Tuesday, December 18, 2012

Walking, The Lost Art

I was walking Cheyenne on the bridge linking Cudjoe to Sugarloaf Keys, a place where my Labrador likes to go to find bait fish and other unconsidered trifles dropped by distracted anglers. A couple of nights ago I saw this old dude drowning worms all by himself on the bridge and I knew he was a snowbird because he was busy ignoring the only other human in sight. We trudged on by and found his Michigan tagged tank parked beyond the vehicle barricade thirty feet behind his now illegal vehicle, as snug up to the bridge as he could possibly drive on the ill defined FOOTpath.

Cheyenne and I kept walking, which I am now forced to admit is becoming a lost art, is the simple act of putting one foot (or paw) in front of the other. Even by motorists not displaying a handicapped tag.


Monroe County's Seat

Visitors to Key West like to take their picture at the Southernmost Point, a rather garish red yellow and black cone placed at the end of South Street, somewhere close to the southernmost piece of land outside the neighboring secretive Navy Base. Good enough for most people's photo albums. Then if they turn north on Whitehead Street they will eventually, after passing Hemingway's home, and the lighthouse and the Green Parrot Bar, they will eventually reach Mile Zero, the very end or beginning of US Highway One. Mile Zero is marked by a green rectangle on a lamp post for some reason placed at the corner of Whitehead and Flemng Streets, next to a collection of imposing brick buildings.

There is a connection between Mile Zero and the classically styled buildings set back from the street named for one of the four Anglo purchasers of Key West, John Whitehead (John Fleeming was another after whom Fleming Street is named). It turns out it is traditional to measure distances from the county courthouse and as Key West is the county seat of Monroe County so this is where Mile Marker Zero has to be placed.

It used to be that south Florida was pretty much uninhabitable that's to humidity, disease and. A general ack of amenity. There were no roads, no fields and no prospects for any, so as the soldiers pushed the Seminole Indians south there was very limited settlement activity in their wake. The city of Key West, founded in 1828 was doing fine as a stopping off place for shipping in and out of the Gulf of Mexico. Indeed Key West was a very cosmopolitan place with the outside world coming here as ships passed through from all over the world. As a result the wealthiest city in the state was made the seat of Monroe County, a stretch of largely uninhabitable land that covered the southern half of the state. A slow walk through the county building shows all sorts of stuff relating to the county and it's past. A map of 19th century south Florida.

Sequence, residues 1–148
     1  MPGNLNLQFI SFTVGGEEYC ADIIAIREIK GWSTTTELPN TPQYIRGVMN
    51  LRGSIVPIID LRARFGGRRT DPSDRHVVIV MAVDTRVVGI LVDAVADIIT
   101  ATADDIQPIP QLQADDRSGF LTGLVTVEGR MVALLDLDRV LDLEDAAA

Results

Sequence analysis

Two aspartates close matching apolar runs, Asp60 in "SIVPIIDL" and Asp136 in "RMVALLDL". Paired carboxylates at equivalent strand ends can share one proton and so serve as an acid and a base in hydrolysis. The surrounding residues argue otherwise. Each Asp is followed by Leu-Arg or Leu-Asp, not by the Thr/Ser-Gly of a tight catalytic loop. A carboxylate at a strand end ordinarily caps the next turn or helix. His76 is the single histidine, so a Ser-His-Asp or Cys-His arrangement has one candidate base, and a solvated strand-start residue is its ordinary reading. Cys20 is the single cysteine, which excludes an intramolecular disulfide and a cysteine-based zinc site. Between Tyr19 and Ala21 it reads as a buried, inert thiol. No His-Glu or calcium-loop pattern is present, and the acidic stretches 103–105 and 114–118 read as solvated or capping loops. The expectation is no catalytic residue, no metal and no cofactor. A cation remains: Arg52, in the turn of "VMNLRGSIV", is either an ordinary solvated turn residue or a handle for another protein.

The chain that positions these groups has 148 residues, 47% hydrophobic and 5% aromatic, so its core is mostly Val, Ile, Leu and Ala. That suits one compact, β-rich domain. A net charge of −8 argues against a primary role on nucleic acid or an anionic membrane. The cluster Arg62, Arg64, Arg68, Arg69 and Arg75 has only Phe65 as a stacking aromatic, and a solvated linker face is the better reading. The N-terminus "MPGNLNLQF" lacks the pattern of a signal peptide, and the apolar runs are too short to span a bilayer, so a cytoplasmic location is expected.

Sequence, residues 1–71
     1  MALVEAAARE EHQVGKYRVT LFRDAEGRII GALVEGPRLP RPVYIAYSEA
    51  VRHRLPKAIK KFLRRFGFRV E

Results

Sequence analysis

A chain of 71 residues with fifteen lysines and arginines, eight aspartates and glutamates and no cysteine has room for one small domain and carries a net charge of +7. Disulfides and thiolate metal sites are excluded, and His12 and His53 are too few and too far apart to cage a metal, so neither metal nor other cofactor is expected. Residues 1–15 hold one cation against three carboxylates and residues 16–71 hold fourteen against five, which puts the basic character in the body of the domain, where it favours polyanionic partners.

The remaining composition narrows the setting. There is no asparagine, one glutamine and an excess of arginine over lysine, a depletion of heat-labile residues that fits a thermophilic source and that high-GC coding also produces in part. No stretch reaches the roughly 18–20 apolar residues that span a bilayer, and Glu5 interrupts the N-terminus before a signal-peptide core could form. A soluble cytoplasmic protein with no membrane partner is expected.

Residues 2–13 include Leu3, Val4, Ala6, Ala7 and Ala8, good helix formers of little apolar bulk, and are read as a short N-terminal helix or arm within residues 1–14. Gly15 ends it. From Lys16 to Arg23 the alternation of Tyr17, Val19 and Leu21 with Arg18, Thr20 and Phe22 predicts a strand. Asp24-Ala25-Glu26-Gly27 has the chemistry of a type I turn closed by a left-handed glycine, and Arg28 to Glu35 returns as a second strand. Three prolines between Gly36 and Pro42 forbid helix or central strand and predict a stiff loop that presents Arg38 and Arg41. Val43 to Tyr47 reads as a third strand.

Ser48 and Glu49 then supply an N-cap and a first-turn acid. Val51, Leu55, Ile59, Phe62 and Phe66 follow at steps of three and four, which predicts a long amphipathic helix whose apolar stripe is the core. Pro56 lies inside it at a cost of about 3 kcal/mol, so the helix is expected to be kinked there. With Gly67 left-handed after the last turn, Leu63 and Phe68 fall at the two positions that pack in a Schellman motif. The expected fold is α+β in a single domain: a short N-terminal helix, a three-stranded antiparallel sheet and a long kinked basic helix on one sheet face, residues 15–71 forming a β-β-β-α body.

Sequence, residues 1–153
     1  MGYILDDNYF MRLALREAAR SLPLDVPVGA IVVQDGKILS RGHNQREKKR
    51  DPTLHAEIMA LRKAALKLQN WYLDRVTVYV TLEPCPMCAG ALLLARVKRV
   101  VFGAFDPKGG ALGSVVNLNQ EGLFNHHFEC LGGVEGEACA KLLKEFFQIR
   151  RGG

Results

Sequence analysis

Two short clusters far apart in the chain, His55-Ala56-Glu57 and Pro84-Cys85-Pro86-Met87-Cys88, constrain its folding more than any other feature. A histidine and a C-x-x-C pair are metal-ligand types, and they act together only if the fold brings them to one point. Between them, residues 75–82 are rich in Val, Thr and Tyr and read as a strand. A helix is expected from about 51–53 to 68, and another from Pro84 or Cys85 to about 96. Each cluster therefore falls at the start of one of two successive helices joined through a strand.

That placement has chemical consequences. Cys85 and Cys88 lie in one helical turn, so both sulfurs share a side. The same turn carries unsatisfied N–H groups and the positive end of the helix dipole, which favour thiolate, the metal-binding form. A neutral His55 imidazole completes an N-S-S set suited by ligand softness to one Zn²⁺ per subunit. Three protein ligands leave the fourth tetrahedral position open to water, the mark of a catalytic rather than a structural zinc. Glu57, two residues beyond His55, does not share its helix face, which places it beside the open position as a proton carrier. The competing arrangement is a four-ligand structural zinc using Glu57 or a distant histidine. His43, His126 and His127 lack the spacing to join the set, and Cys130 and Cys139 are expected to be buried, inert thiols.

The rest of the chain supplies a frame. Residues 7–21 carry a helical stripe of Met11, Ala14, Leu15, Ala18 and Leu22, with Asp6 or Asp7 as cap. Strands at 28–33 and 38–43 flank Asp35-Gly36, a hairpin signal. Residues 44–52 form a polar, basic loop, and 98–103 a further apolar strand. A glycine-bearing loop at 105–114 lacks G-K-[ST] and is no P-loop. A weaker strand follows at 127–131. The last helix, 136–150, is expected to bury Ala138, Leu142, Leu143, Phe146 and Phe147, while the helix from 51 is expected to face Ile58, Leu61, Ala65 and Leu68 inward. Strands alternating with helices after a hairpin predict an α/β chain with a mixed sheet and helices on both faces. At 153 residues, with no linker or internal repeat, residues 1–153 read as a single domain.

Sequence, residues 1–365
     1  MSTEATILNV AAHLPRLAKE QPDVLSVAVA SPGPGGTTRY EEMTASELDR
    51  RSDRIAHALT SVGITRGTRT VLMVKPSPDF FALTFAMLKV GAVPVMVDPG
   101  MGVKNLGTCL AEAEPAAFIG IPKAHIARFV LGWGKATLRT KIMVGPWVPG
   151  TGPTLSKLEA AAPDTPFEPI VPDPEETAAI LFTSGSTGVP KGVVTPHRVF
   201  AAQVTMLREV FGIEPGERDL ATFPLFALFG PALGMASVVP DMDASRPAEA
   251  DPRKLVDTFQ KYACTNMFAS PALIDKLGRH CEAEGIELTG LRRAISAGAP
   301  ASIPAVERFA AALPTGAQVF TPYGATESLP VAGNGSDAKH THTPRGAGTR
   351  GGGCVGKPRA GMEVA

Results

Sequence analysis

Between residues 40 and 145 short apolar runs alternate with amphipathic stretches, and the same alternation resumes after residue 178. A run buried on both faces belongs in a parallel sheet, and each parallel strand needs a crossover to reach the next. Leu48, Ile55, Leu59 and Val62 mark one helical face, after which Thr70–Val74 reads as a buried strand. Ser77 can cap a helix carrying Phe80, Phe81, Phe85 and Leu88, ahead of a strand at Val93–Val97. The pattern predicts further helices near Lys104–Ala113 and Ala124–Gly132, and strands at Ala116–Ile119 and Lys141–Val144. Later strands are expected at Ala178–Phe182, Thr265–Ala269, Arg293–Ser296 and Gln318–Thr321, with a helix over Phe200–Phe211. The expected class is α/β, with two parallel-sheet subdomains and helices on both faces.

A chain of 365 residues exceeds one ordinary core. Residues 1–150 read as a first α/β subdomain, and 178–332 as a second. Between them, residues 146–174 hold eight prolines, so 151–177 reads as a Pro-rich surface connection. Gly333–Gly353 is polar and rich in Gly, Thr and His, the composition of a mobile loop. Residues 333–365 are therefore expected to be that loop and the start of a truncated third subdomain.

As farmers ranchers and assorted white settlers moved into central Florida encouraged by railroads and suppression of the Seminoles they cut off chunks of Monroe County to create their own local governments, known today as Polk, Hendry, Lee and Collier counties among many others. Today Monroe County still encompasses a large chunk of mainland south Florida occupied by half a dozen Anglo families living along Loop Road, Seminoles still live in and around the Everglades and National Parks workers live in mainland Monroe County. Ask a tourism center and Monroe County equals The Keys but anonymity seems to suit those who choose to live in the "other" Monroe County residents. But Key West has always been the most colorful place in the county, and most likely in the state. I cannot say that electing Tony Tarracino as mayor was the most enlightened vote but in light of the state of modern political leadership in the county one can't really find too much fault with a man who figured a strong sex drive was the most important human trait. It's not the top political priority one usually imagines, but like I say Key West tended once to lean toward the particular and I miss that attitude. It's hard to imagine contemporary city voters taking a smuggler and gun runner seriously as candidate for mayor, and you could argue its their loss.